In general we can differentiate between range policy and service policy:
Range policy is known to be a very comprehensive topic. We will only discuss part of this sector here, namely the problem that the goals of range policy at the point of sale are very different for the manufacturer and the retailer. The main characteristic of both is of course directed towards the final customer. What demand exists? What demand can I produce? There is then, however, a conflict of interests that can only be solved by making compromises.
What are the problems, which solutions can be attempted?
- The manufacturer would like to sell his entire brand range and/or his entire production programme while the retailer only wants to offer a tailor-made range according to the principles of demand grouping. In order to be successful as a manufacturer it is essential to be aware of the needs of the retailer and to expand the goods you offer to fulfil the requirements of the retailer. The more similarity that exists between the range of makes offered by the manufacturer and the range required by the retailer, the more likely it is that both will achieve their aim. It is of course also true that the retailer must give the manufacturer the possibility of also offering products for which the manufacturer wishes to create demand.
- The aim of the manufacturer is to advance into new markets through diversification and to replace existing products from the competition with his own products. On the other hand the retailer wants to extend his existing range in accordance with demand grouping and is looking for new supplier for the additional products whilst still approaching tried and trusted suppliers for current products. The manufacturer could try to offer the additional products in order to replace the existing range of his competition with his own products as a second step.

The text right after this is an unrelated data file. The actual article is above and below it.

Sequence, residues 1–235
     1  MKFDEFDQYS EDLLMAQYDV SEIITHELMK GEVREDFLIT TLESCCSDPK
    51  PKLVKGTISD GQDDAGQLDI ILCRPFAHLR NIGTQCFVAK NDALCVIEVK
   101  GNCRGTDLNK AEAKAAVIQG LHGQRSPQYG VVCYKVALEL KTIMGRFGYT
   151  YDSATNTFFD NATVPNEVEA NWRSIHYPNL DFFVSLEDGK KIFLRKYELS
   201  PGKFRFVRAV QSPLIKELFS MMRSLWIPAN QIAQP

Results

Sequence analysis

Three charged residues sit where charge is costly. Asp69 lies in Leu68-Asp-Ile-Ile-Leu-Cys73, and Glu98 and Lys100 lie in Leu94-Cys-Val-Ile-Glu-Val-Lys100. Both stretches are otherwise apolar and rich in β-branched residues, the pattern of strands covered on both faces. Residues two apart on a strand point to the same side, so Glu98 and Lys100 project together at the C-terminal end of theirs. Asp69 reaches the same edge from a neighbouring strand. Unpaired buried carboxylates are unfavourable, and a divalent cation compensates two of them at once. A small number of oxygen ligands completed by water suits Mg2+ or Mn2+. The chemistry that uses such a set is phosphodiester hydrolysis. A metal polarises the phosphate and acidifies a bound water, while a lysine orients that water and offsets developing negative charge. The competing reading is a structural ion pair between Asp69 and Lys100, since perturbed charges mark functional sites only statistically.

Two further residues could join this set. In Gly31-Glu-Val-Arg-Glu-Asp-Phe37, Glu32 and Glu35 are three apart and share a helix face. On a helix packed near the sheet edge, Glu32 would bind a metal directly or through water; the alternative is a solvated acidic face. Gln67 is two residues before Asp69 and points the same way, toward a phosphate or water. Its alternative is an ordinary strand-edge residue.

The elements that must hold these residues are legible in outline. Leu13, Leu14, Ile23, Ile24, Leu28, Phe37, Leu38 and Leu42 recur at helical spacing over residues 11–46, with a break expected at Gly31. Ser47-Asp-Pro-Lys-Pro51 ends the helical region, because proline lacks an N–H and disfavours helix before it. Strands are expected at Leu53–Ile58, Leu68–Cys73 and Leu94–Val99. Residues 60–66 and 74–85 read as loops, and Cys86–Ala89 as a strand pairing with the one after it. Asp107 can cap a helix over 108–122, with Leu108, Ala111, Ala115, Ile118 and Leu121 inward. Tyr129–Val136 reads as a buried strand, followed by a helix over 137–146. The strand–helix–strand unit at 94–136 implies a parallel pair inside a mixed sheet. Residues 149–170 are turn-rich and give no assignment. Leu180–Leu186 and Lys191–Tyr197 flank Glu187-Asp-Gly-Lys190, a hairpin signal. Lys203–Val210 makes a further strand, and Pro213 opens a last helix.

- The manufacturer would like to build up a successful long-term range or products while it is more important to the retailer to sell products that have good turnover and profit in the short term. A range that can provide success for both must contain both products that are successful in the long term and those that provide good turnover and profit in the short term.*
Service policy depends greatly on operation type. Thus a discounter will offer almost no service whilst the service-oriented retail outlet, the specialist shop or a brand-name retailer must have access to a wide range of services. According to current opinion it is seen as certain that, given an increasingly homogenous range of products, a company can only achieve recognition.*
Which services can be offered by a service-oriented company?
- Advice: this sounds very easy but is difficult to implement. In order to be able to give good advice the staff must receive the relevant training. The personnel must have not only the specialist knowledge but also the ability to communicate this knowledge.
- Product adaptation to specific customer requirements
- Provision of a hotline
- Internet presence (updated at all times!)
- Repair and/or return service
- Delivery within 24 hours
- Making displays available
- Training of sales personnel
Which service can you provide to your customer in order to differentiate yourself from the competition?
*According to: Ulrich D. Frey (2001): POS-Marketing. Integrierte Kommunikation für den Point of Sale. Betriebswirtschaftlicher Verlag Dr. Th. Gabler GmbH, Wiesbaden.